December 1, 2008

Dallas Clayton On Dallas Clayton's An Awesome Book: "Awesome"

"Hi. I'm Dallas Clayton. This is my place. You're obviously here because you want to know more about me. I wrote a book. It's called, An Awesome Book. It's awesome. It's better than any book that's ever...existed. I don't know if I mentioned that. Uh, the Bible...then, I think, then this. Dostoevsky. Tolstoy. Melville. They're all dead."

Thus begins artist/poet/dreamer/dad Dallas Clayton's video pitch for his first children's book, An Awesome Book. As befits a book about the importance of dreaming big, Clayton's book's launch party/reading at the LA indie bookshop Family was hosted by Bjork and Matthew Barney and sponsored by Artforum, Mercedes Benz, and LACMA. If I close my eyes, I can see them all there right now, in fact, wiping away an unexpected tear as they realize how much more there is to dream of than just matching silverware.

awesome_book_dallas_cover.jpg

Let me say I had to fight my East Coast/West Side reflexes to find out, but An Awesome Book is, in fact, pretty awesome. The order page says, with harmlessly awesome misspelling intact, that the book was "[w]ritten in the vain of classic tales by Dr. Suess, Shel Silverstein, and Maurice Sendak."

Which is funny, because all three of those guys are as dark and moody as Clayton is not. The books that come immediately to my mind, Suess's Oh, The Places You'll Go and Silverstein's The Giving Tree are relentless and depressingly cynical, respectively. And of course, Sendak's entire oeuvre is permeated by the harsh realities of children in an adult world.

awesome_book_watermelon.jpg

Even as he dreams archetypically superficial LA dreams of wealth and fame, though, An Awesome Book calls on kids and kidults alike to reach back and nurture their most fantastical dreams of, say, watermelon boats and musical babboons.

awesome_book_babboons.jpg

It's the poignant paradox of his own experience as an artist and a dad, and in his own tender man-boyish way, Clayton could very well be the posterbard of his Silver Lake generation. Consider the evidence:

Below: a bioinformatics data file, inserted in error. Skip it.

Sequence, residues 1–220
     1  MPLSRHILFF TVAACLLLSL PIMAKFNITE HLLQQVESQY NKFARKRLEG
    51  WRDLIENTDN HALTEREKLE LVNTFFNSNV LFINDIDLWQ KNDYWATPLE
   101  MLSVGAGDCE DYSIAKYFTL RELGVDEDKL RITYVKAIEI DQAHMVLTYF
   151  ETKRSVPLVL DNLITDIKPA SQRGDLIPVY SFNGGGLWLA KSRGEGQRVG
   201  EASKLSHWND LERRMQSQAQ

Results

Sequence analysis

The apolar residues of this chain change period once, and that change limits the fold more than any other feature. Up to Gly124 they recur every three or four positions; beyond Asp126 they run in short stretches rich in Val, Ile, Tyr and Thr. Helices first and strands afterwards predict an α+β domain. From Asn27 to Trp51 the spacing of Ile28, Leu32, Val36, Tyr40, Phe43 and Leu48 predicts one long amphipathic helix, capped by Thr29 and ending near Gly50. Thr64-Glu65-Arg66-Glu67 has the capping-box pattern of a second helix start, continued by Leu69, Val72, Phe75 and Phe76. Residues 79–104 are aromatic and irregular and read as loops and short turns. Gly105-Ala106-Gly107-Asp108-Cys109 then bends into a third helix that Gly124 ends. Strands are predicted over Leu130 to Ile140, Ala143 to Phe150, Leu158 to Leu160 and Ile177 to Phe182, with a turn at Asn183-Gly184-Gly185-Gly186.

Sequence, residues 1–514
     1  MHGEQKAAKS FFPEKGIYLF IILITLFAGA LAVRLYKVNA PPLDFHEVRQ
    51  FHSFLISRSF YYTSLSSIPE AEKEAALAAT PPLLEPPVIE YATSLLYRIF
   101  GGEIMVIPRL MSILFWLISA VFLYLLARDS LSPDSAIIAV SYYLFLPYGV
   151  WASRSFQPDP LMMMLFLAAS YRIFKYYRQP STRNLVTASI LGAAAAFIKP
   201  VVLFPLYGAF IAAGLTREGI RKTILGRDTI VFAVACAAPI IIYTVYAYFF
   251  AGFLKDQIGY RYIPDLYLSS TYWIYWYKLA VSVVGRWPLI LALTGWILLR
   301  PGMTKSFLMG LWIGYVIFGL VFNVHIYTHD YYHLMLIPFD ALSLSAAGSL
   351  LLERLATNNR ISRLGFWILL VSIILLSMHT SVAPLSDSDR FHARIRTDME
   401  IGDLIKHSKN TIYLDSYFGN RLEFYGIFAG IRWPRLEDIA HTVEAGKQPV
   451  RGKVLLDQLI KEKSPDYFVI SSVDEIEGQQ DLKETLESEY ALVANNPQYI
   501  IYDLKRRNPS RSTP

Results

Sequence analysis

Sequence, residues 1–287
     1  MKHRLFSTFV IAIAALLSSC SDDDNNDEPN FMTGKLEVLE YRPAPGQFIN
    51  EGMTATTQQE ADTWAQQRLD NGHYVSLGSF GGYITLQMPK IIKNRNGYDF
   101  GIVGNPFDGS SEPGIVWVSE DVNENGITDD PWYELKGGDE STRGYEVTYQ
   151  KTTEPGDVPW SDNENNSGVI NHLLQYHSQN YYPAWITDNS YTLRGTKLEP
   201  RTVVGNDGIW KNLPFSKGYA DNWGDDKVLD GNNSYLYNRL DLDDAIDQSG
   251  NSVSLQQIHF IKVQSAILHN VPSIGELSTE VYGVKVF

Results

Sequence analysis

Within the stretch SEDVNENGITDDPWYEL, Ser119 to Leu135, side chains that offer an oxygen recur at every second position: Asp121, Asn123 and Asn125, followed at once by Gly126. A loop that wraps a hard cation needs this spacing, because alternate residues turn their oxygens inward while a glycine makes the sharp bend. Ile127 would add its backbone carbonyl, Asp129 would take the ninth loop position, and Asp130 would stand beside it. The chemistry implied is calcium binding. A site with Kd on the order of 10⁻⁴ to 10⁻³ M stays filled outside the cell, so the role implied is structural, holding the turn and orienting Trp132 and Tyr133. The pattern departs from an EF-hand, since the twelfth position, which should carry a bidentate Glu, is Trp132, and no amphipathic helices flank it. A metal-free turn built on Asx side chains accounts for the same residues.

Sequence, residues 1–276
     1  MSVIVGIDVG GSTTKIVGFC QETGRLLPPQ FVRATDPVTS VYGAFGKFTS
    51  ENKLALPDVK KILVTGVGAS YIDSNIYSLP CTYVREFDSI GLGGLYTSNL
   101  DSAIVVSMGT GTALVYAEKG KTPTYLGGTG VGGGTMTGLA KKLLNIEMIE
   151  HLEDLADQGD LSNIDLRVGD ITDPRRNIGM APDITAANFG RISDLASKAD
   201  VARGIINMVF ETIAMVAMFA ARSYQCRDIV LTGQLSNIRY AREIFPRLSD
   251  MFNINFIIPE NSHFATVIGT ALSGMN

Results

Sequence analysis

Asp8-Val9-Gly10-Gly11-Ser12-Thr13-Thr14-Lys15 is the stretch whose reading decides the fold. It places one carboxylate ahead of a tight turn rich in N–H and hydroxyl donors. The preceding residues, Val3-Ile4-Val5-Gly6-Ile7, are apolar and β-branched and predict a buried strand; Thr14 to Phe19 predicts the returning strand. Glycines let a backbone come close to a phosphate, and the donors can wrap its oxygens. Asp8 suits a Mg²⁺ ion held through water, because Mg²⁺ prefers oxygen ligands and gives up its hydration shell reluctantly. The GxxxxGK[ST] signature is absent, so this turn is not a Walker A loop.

• Another Clayton joint from the summer was a blog called More Popular Than You, which documented all the inexplicable things (Dollywood! Zamfir! Hot Pockets!) all the things that were more popular than you, dear fameseeker, will ever be.
  • All his friends appear to live in artfully renovated Echo Park communes with Miranda July.
  • He's baby daddy to an actual working and even intermittently famous actress.
  • While conscientiously raising his son Audio Science, he simultaneously grapples with and protects him from the knowledge that his atypical name means he's already probably more famous than his dad.

    So yeah, it would be easy and cynical to dismiss Clayton's book as a self-absorbed parent's exercise in vanity publishing; believe me, I almost did. But that would be throwing out the dreaming baby with the LA Basinful of bathwater. From the delightful drawings to the deft rhymes to the inspiring sentiment, An Awesome Book definitely ranks high on the list of greatest books that ever existed. Though I would put it a little below Melville.

    Dallas Clayton's newly redesigned website, with embedded video [dallasclayton.com]
    Preview An Awesome Book by Dallas Clayton, then buy it for just $15 [radder.bigcartel.com]

  • 6 Comments

    I scoffed at the video but, yeah, looking at the book it is pretty freaking awesome. Dude did not lie.


    I'm thinking below dostoyevsky but not melville-BLEH!

    holy crap. I ordered one on Monday night and it came today, Friday. And he even signed it to my kids. That's service, people. And the book is actually awesome. Sweet.

    too bad the book isn't available on Amazon, where it's one of the #1 searches in kids books right now. i have a bunch of credit there and would love to buy 2 copies.

    May not be available on Amazon yet, but they are giving 3 signed copies away here: http://www.doodlersanonymous.com/entry.php?entryID=1145

    You missed the awesome misspelling of Dr. Seuss...

    [I found my way to this entry trying to figure out who Dallas Clayton is and whether his book lived up to its title, since he's offering a workshop for kids through 826LA, which also suffers from being both painfully hip and pretty freaking awesome.]

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